Culture Of Food Research Paper

1051 Words 5 Pages
Everyday life revolves around food. In western cultures the day consists typically of 3 main meals. The morning starts off with breakfast, this meal generally focuses on milk based items e.g. cereal or coffee. Later on during the day, typically around midday, its lunch. Lunch usually consists of some type of sandwich. And finally later that evening is dinner time. Dinner generally consists of a serving of meat and vegetables that is followed by dessert which is a sweet based meal. Food, taste, cuisine are important biologically and culturally. And the origins and transformations of the food we eat are key to understanding our relationship with food culturally and the modern diet.
What is food? Food is defined as a nutritious substance that
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Food is central to majority of society’s cultural activities such as festivals (In Ivrea, Italy the battle of the oranges is a massive food fight the represents the people rising up against a tyrant) (Kiefer 2007), holidays (In Japan on New Year’s Eve they celebrate Omisoka where people eat a plate of buckwheat noodles to bring prosperity and ensure a long life), ceremonies (Jews and Christians consume wine as a part of their religious ceremonies) (Civitello 2007), and courtship, and can be used symbolically. The symbolic representation by western courtship behaviour and by the battle of the oranges in the small European town of Ivrea, Italy. Courtship is western cultures revolve around food. The first date is typically at a bar or restaurant where the male pays the bill to show the female he is able to provide her with food. Further on in the courtship to …show more content…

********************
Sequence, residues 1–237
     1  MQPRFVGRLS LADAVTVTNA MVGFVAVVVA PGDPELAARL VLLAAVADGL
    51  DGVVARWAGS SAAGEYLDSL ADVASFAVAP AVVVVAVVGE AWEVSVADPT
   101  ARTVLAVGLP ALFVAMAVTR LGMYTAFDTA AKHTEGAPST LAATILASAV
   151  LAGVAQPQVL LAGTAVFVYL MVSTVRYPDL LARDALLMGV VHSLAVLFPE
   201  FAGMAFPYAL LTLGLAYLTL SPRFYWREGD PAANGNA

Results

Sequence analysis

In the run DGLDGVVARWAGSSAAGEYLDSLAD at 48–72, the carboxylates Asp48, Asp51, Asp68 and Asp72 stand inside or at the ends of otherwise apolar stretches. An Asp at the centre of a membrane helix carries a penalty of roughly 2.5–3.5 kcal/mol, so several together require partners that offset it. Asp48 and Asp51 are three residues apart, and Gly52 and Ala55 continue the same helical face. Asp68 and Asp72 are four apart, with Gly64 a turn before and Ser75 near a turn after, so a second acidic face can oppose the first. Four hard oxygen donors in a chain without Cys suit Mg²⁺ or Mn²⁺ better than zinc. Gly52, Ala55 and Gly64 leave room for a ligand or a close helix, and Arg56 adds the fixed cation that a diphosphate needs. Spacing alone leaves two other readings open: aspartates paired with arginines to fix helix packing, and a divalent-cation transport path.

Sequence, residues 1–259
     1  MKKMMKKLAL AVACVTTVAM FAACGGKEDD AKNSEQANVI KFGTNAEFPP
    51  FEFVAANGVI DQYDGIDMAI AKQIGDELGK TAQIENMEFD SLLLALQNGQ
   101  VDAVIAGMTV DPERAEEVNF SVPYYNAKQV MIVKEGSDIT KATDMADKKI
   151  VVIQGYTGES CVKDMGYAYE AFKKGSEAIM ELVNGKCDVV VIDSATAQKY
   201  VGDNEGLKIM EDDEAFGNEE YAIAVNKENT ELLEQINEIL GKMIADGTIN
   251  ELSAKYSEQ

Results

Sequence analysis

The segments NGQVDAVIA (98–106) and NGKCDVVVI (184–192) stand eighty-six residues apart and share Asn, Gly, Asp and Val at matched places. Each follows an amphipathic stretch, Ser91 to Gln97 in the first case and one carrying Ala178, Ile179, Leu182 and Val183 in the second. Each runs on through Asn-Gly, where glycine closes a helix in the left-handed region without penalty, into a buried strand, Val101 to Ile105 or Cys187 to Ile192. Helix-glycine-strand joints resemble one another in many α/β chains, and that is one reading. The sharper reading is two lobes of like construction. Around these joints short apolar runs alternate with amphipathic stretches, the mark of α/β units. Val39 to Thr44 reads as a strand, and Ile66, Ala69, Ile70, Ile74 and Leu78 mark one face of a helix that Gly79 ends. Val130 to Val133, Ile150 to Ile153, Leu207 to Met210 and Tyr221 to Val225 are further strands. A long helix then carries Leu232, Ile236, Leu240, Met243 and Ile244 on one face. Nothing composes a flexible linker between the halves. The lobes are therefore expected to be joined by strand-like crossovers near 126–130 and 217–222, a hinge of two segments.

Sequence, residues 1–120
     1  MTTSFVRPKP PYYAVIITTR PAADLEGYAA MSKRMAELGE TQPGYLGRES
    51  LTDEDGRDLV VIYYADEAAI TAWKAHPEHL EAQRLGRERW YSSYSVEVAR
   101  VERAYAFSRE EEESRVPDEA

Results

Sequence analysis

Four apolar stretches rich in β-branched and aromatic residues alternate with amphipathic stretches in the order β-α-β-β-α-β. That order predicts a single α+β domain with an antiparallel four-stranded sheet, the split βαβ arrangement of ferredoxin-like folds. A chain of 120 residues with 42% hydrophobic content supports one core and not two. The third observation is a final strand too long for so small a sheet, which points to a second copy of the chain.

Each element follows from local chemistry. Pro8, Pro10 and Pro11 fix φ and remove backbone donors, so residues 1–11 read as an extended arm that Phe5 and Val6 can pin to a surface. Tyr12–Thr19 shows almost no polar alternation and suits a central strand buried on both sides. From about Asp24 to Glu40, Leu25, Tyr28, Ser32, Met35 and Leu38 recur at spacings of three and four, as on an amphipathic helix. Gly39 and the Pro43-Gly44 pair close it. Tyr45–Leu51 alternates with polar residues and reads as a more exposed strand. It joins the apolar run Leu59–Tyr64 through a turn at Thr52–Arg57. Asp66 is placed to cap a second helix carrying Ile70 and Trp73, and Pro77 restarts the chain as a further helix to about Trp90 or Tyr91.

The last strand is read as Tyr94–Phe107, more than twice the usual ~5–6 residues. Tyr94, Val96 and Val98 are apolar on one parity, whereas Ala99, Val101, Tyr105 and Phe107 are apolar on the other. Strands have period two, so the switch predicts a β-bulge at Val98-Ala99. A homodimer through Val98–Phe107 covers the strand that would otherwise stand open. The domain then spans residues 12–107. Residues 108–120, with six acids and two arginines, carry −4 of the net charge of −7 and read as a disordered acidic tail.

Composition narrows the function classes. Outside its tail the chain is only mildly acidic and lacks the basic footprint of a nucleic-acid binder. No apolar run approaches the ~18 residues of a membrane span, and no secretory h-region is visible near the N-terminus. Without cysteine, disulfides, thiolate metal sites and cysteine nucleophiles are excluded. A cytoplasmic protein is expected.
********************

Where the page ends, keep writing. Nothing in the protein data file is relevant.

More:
Origin is the point or place where something begins, arises, or is derived (Simpson, Weiner, and Oxford University Press 1989). Transformation is a marked change in form, nature or appearance (Simpson, Weiner, and Oxford University Press 1989). Popular everyday foods, such as corn which originated from Mexico and South America, and sugar cane which originated from South and Southeast Asia. Early humans were hunter and gathers and food consumed was raw until the discovery of fire. Fire transformed food from raw to cooked, from as they knew to food as we know it (Civitello 2007). Not long after this the domestication of plants and animals occurred. Domestication of animals and plants transformed food even further, transforming plants and animals from the original state to what we know now, e.g. corn originally was a loose-podded variety that looked a lot like the seed head at the top of a wheat stalk (Civitello 2007). Food has done more than transform physically, our cultural perceptions of food have changed too, e.g. Sugarcane was once believed to cure tooth aches, and Potatoes were thought to cause leprosy (Civitello

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